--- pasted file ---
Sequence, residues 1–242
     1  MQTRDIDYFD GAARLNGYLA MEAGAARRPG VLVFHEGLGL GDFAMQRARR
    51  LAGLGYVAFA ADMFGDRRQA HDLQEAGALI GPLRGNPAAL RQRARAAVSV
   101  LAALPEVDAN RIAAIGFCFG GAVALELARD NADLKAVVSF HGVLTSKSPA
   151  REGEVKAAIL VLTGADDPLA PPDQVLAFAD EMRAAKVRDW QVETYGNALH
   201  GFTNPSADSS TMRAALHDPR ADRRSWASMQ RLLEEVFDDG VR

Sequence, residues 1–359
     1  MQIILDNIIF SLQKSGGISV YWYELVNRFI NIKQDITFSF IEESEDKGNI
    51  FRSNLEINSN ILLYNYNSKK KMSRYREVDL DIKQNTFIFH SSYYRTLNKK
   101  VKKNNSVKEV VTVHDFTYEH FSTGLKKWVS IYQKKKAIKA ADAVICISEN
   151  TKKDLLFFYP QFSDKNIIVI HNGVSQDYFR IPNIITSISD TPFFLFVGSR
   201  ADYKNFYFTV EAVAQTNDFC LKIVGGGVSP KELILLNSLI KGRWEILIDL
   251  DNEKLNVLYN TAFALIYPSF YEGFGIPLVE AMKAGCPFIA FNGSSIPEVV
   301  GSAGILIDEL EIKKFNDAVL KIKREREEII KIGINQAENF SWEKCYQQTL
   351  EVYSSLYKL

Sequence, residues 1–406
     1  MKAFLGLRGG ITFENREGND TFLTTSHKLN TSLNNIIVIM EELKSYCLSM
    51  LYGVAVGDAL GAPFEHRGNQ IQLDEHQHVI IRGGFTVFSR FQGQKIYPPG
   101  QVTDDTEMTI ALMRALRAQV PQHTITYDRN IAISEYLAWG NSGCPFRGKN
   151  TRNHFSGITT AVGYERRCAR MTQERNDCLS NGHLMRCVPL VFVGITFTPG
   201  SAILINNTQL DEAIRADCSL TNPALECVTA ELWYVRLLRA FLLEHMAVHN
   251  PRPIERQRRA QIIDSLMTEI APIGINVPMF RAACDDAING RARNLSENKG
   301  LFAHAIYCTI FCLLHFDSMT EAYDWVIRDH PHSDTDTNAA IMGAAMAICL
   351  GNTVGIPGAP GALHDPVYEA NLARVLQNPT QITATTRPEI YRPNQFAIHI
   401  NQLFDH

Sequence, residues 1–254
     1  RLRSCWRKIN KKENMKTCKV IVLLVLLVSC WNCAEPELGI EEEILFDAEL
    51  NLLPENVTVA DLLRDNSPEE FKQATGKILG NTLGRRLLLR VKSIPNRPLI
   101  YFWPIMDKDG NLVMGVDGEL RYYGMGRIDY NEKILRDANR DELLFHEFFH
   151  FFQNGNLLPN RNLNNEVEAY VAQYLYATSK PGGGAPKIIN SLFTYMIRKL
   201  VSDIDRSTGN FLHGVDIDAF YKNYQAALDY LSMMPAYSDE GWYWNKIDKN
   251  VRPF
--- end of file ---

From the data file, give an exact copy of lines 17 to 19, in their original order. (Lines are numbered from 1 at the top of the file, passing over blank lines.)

     1  MKAFLGLRGG ITFENREGND TFLTTSHKLN TSLNNIIVIM EELKSYCLSM
    51  LYGVAVGDAL GAPFEHRGNQ IQLDEHQHVI IRGGFTVFSR FQGQKIYPPG
   101  QVTDDTEMTI ALMRALRAQV PQHTITYDRN IAISEYLAWG NSGCPFRGKN